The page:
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September 12, 2021

“It’s why we live for game day so much” | Tailgating back at IG Field

It’s Blue Bombers game day and Mike Brisson has been up since well before the crack of dawn.

And not long after he wiped the sleep from his eyes Brisson was working on setting up his elaborate tailgate area right across from IG Field, hours before the Bombers and Saskatchewan Roughriders were to meet in the 17th annual Banjo Bowl. Hosting a pre-game tailgate party, after all, takes hours upon of detailed planning.

“I’ve been here since 6 a.m.,” began Brisson. “We’ve got two smokers going and I do all the cooking and then we just have a big party before about 40 of us go in to support the club.”

A quick sweep of the area near IG Field three hours before kickoff on Saturday and there are sites like Brisson’s all around the stadium footprint. Dozens of fans – both sporting Blue Bombers colours and the occasional clusters of green of faithful for the Roughriders – line the boulevard in front of the Winnipeg Soccer Federation Soccer Complex in a row of tents, some of them tossing around a football between bites of burgers. Blue Bombers fans are also spotted near giant ‘W’ flags and underneath the smoke from barbecues bear the IG Athletic Centre just east of the stadium.

The tailgating trend should continue right into the fall, as after the Banjo Bowl the Bombers still have three more weekend home games – Friday, Oct. 8th vs. the Edmonton Elks; Saturday, Oct. 23rd vs. the B.C. Lions and Saturday, Nov. 6th vs. the Montreal Alouettes. There’s also the possibility of a home playoff date in late November-early December. No matter the weather, the tailgating diehards are there.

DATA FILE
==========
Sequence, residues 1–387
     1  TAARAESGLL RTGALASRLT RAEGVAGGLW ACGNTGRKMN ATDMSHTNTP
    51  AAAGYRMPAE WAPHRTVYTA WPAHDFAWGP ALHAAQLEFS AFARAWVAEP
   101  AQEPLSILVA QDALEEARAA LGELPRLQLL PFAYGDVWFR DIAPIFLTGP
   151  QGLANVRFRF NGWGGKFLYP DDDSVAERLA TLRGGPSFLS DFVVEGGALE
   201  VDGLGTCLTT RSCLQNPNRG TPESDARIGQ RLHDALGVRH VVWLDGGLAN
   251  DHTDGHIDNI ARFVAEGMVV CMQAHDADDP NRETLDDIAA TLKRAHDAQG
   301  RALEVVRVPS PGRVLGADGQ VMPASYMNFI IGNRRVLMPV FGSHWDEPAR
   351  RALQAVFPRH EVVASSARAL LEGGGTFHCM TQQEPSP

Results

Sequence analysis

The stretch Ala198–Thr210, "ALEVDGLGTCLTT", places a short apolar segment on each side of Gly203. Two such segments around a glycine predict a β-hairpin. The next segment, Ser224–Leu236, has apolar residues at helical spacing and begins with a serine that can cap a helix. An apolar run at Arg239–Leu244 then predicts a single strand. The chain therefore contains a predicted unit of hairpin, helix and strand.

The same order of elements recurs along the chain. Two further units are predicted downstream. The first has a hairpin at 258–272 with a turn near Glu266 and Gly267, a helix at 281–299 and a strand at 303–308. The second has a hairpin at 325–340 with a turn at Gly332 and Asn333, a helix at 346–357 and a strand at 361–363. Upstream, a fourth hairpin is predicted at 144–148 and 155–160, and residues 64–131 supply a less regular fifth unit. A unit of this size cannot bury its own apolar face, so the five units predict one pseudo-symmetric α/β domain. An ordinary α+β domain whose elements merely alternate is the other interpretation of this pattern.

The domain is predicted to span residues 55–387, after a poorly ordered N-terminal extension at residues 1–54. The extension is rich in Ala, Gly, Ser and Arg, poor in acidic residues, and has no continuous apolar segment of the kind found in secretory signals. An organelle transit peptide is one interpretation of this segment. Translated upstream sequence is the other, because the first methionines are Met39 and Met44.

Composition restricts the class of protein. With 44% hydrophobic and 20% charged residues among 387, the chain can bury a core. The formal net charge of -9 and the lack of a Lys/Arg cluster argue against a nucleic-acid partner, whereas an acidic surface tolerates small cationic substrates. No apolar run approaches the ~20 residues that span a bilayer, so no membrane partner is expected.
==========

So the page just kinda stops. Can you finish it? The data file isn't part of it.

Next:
“I started planning our party two months ago,” Brisson said. “I’ve got a big, 10-pound prime rib here. I’ve got beef ribs and on top of them I’ve got some baby backs. In a little while some friends are bringing beans. We’ll have coleslaw and, of course, some drinks.”

The Banjo Bowl is the biggest of Brisson’s tailgating weekends, as he also hosts some clients and guests for the company he works for, Superior Propane. But he’s here for other Bomber home games, too.

“They can’t always be this big,” he said with a grin. “There’s a lot of stress that goes into this. A lot of stress. We eat at 1 p.m. and then head in about an hour before kickoff. It’s a lot to get people fed and get them happy before we go in to watch the Bombers. But we’ve been doing this since this stadium opened. It’s part of our little routine and part of our tradition. It’s why we live for game day so much.”